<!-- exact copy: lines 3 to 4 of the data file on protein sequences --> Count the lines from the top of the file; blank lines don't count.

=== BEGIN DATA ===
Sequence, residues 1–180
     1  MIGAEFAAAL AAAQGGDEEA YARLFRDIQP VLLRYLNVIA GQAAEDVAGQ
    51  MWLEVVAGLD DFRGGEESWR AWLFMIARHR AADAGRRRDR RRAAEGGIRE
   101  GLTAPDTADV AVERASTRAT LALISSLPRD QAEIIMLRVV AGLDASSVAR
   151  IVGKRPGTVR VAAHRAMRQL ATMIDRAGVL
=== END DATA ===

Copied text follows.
    51  MWLEVVAGLD DFRGGEESWR AWLFMIARHR AADAGRRRDR RRAAEGGIRE
   101  GLTAPDTADV AVERASTRAT LALISSLPRD QAEIIMLRVV AGLDASSVAR